The Canal and River Trust said the annual inspection of Toddbrook Reservoir in November was "absolutely fine".
This coincided with an independent inspection taking place every 10 years, and the trust said this was fine too.
"Our engineers also inspect the reservoir twice-weekly and this is how we picked up the problem," said a spokeswoman.
Scotland has its own, separate, Reservoirs Act, which requires owners to file safety reports with the Scottish Environment Protection Agency.
'Vegetation is an issue'
Dr Panagiotis Michalis has been researching dams since 2010 and has assessed several in the UK as part of consultancy work through the University of Strathclyde.
He believes dams are a "ticking bomb" because of their ageing infrastructure and thinks incidents like the one at Whaley Bridge will become more common.
"In the UK the majority of the dams are more than 100 years old. That means they've exceeded their design lifespan," he said.
"Back then their design standards didn't take into account future climatic conditions that are happening now, so they have an outdated design."
He described the vegetation in the photos as a "yellow flag".
"Vegetation is an issue in dams, especially if this vegetation is coming out of concrete panels like the ones of this particular dam," he said.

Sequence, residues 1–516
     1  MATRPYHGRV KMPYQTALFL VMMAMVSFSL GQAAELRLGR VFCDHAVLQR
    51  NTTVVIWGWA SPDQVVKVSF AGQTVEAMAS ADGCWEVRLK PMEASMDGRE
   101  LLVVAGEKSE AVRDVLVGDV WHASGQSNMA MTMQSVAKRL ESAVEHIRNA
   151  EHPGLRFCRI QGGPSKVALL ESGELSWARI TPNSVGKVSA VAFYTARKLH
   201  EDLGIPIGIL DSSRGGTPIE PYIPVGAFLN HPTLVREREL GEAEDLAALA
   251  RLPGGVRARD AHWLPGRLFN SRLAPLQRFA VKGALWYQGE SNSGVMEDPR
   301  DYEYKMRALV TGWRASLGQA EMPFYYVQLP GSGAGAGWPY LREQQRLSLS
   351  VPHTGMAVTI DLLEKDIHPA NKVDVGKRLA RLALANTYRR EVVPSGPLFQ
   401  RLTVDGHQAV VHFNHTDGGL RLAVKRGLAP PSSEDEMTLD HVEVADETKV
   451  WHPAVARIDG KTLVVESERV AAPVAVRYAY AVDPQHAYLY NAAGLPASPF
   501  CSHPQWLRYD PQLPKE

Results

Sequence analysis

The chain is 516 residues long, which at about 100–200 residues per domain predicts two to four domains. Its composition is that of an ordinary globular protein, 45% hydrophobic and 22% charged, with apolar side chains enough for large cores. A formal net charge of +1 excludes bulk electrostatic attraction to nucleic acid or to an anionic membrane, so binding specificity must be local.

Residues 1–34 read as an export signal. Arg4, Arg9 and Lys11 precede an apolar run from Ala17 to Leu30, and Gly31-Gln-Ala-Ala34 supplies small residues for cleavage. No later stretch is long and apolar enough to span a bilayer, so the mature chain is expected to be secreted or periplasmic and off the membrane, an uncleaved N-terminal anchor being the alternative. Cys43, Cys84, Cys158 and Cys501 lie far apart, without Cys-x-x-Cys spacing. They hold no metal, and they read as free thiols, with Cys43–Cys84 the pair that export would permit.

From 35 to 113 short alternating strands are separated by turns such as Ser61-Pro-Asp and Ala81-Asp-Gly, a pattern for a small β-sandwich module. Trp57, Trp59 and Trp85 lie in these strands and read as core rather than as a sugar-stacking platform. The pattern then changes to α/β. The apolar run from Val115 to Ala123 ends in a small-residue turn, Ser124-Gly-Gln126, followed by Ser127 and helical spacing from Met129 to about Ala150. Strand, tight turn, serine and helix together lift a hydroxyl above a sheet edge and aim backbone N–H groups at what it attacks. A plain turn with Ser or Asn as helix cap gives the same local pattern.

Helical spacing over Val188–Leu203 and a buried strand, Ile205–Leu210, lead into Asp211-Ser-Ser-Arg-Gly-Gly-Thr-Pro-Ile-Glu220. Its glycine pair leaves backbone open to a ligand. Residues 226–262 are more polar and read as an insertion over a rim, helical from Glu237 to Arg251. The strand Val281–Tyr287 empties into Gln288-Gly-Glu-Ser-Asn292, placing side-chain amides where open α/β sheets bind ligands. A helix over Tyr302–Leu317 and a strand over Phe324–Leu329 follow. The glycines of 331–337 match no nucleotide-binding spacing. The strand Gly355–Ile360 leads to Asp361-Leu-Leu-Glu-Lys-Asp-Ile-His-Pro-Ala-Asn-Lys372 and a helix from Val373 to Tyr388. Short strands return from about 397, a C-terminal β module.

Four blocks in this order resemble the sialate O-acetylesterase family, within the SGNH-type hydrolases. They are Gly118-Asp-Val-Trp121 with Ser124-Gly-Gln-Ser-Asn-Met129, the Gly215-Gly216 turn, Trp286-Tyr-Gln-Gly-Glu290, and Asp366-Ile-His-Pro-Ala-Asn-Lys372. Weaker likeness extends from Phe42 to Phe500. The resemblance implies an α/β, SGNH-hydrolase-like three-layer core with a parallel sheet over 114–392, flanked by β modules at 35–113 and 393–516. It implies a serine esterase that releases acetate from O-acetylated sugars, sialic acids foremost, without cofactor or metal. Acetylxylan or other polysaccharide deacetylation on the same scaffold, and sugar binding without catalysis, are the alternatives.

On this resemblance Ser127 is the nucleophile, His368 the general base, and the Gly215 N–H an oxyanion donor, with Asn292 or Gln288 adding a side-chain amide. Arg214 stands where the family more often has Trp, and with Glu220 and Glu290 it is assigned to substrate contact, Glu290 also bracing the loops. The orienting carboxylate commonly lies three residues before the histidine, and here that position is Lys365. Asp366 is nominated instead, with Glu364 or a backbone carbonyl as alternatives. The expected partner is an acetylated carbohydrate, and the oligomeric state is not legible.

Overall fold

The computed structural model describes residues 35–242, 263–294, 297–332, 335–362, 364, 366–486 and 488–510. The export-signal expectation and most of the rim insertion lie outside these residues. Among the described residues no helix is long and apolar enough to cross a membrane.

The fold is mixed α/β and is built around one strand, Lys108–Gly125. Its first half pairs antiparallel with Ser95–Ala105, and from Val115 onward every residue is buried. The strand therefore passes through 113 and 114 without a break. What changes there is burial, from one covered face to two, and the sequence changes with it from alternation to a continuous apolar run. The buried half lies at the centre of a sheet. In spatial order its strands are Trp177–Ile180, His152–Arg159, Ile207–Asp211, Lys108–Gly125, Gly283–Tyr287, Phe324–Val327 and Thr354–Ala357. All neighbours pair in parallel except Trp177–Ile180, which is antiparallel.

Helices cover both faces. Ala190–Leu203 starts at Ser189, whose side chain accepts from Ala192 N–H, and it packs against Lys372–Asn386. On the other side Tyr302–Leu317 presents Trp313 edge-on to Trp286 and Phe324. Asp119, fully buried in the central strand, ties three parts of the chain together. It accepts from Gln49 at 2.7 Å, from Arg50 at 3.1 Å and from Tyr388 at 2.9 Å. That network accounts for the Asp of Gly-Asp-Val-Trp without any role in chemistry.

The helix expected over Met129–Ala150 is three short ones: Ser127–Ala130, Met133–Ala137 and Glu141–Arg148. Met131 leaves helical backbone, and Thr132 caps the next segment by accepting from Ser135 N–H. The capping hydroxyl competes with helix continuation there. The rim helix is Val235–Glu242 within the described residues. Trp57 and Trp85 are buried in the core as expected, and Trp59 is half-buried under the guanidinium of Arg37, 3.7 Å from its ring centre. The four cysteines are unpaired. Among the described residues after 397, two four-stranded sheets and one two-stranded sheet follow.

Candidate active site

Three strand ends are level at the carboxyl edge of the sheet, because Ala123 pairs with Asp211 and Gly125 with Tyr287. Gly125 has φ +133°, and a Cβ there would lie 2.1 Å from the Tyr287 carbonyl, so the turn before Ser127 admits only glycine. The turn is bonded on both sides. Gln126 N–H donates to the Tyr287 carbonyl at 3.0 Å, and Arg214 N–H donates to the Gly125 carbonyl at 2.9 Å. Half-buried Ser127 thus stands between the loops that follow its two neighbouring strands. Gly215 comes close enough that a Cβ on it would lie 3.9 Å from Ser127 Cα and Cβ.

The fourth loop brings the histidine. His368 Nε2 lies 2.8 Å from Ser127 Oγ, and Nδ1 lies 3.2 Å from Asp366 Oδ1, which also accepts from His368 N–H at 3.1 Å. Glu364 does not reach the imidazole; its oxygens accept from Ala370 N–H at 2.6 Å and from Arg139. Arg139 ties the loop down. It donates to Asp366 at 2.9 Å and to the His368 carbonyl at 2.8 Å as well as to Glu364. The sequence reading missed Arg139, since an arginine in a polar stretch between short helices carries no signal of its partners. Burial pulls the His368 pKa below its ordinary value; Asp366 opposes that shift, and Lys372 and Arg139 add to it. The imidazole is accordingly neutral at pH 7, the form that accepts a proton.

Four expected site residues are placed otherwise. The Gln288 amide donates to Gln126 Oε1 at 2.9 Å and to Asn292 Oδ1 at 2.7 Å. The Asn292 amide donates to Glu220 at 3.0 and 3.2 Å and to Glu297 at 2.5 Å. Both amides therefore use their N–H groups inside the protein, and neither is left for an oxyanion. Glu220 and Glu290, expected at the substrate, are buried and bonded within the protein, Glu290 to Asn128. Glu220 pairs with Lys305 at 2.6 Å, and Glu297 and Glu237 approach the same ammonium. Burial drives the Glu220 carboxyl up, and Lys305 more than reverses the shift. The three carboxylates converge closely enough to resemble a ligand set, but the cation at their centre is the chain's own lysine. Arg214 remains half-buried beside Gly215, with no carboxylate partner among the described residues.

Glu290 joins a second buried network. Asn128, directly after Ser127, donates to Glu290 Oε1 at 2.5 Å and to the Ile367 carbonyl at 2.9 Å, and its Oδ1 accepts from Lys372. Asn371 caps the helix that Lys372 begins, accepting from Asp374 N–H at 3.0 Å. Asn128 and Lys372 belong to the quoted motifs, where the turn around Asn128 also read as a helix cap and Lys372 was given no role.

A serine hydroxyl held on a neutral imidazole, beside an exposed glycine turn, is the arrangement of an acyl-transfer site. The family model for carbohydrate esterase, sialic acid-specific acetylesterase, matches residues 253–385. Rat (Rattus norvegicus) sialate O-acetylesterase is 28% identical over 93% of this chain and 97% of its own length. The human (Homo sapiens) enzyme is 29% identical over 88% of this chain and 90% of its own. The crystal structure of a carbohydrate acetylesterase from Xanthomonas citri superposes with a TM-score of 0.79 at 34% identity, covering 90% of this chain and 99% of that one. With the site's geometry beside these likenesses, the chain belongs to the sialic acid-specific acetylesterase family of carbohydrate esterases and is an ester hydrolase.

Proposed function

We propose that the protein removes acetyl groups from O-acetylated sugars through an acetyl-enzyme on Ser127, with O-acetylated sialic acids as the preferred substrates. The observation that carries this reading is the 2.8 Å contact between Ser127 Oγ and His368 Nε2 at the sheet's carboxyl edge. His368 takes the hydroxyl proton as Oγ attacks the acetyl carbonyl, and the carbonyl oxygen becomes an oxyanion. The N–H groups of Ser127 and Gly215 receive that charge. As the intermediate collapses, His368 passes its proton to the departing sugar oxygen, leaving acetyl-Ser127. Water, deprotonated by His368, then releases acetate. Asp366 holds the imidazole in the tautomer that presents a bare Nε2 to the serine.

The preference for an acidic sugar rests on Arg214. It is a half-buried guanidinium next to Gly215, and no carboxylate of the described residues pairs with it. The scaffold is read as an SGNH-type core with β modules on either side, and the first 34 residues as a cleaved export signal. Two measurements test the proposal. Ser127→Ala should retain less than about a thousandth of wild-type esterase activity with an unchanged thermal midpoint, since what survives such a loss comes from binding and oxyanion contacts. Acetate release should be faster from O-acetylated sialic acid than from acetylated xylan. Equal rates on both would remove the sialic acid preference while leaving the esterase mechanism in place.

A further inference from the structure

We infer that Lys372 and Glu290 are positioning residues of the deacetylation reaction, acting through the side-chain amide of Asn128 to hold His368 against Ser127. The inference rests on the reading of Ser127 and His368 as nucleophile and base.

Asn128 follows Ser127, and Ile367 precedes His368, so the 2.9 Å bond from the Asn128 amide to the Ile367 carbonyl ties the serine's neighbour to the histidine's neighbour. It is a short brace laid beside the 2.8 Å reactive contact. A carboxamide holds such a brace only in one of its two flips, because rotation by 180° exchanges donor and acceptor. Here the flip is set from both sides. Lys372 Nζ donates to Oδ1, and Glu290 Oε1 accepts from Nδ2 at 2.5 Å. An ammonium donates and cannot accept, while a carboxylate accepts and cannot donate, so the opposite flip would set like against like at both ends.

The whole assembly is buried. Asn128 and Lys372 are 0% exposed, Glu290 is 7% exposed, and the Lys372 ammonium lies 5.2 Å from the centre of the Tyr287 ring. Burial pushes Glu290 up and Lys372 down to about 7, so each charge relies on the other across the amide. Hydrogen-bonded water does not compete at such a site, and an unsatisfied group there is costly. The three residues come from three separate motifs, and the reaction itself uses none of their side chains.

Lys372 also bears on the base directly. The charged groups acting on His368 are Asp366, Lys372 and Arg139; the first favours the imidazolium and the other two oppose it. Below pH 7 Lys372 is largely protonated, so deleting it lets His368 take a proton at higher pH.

"The vegetation might have opened ways inside the concrete, allowing water to infiltrate inside its clay core that has led to erosion."
However, he said the vegetation "does not look to be so extensive" and the collapse of the dam "cannot be attributed just to vegetation, but probably a number of factors".
One of these factors, he believes, was the dry weather followed by heavy rainfall.
"The problem is we are passing from extreme dry periods where the reservoir is very low, to extreme rainfall events and flooding which fills the reservoir very quickly," he said.
"The water level fluctuations of the reservoir have a significant impact on the deformation of these dams."
What do the photos show?
In one of the pictures, vegetation can be seen growing out of the concrete slabs on the side of the spillway that has partially collapsed.
The auxiliary spillway is much newer than the rest of the dam, and is thought to have been added in 1969. Water does not normally flow over this spillway in large quantities, so its effectiveness has not been tested until now.
The BBC spoke to two people who live near the dam, both of whom said they had been concerned for years about the condition of the structure.